|Glossary Term: ALPHA|
Definition(s) for ALPHA:
1. ) Alpha measures a stock's average monthly move over the past 12 months if the S&P 500 index is unchanged during this 12-month period. For example, a stock with a high alpha of 7 would be expected to rise 7 0n a month given an unchanged S&P 500 index.
2. ) refers to a measure of a fund's risk-adjusted return. It is calculated by measuring the difference between a fund's actual returns and its expected performance given its level of market risk as measured by beta. An alpha of 1.0 means the fund produced a return 1 0gher than its beta would predict. An alpha of -1.0 means the fund produced a return 10wer. The accuracy of an alpha rating depends on two factors: 1) the assumption that market risk, as measured by beta, is the only risk measure necessary; 2) the strength of fund's correlation to a chosen benchmark such as the S&P 500.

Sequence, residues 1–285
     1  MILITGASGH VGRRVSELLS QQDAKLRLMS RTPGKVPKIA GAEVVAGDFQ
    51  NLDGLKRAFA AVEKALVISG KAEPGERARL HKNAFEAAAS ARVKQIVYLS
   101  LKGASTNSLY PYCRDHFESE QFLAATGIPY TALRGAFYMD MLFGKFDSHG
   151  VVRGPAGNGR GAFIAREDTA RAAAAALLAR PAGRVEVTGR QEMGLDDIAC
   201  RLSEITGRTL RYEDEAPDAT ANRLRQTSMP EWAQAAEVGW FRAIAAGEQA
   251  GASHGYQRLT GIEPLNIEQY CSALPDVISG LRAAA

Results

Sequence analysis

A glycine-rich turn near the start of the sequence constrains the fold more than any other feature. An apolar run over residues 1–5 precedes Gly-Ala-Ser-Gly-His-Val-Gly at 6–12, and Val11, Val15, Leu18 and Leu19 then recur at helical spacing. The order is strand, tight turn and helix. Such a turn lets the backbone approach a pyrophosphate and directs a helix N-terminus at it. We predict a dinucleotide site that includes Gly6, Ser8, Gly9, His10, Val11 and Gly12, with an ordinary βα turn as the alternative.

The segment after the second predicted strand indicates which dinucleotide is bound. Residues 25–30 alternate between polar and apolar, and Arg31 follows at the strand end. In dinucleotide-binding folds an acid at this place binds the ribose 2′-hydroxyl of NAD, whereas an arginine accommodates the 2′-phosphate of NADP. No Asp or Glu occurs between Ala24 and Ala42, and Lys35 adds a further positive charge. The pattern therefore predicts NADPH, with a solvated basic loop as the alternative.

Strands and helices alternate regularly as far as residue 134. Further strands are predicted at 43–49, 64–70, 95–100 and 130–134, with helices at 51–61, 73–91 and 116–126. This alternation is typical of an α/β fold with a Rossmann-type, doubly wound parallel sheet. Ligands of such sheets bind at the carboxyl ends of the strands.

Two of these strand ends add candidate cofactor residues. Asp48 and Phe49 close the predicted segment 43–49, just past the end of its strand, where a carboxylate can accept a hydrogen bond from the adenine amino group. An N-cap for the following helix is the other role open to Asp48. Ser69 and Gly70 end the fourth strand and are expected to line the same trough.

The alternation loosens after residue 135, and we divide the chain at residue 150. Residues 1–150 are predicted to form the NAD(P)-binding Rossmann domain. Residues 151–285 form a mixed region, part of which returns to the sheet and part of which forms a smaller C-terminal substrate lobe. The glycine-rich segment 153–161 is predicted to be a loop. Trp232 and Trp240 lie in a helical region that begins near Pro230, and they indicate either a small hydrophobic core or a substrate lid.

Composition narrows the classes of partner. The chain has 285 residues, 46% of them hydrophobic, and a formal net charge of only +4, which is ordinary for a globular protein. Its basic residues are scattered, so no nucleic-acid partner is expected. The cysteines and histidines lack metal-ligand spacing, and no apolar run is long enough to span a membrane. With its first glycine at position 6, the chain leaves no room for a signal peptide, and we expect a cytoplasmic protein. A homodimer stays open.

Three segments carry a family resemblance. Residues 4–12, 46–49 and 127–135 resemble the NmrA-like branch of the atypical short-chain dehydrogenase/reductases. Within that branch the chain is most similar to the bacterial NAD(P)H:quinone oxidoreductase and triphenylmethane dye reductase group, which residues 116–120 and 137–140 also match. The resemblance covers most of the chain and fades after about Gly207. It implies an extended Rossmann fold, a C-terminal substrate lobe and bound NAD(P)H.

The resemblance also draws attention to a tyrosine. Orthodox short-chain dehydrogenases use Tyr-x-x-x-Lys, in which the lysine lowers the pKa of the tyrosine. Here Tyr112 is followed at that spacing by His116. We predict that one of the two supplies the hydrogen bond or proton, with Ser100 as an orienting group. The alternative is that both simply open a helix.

3. ) Alpha is a measurement of the residual risk that an investor takes as a result of investing in a fund rather than in a market index. It represents the difference between a mutual fund's actual performance and the performance that would be expected based on the level of risk taken by the fund's manager. If a fund produced the expected return for the level of risk assumed, the fund is said to have an Alpha of zero. A positive Alpha indicates a return greater than expected for the risk taken. A negative Alpha indicates the manager has not adequately rewarded investors for the risks taken.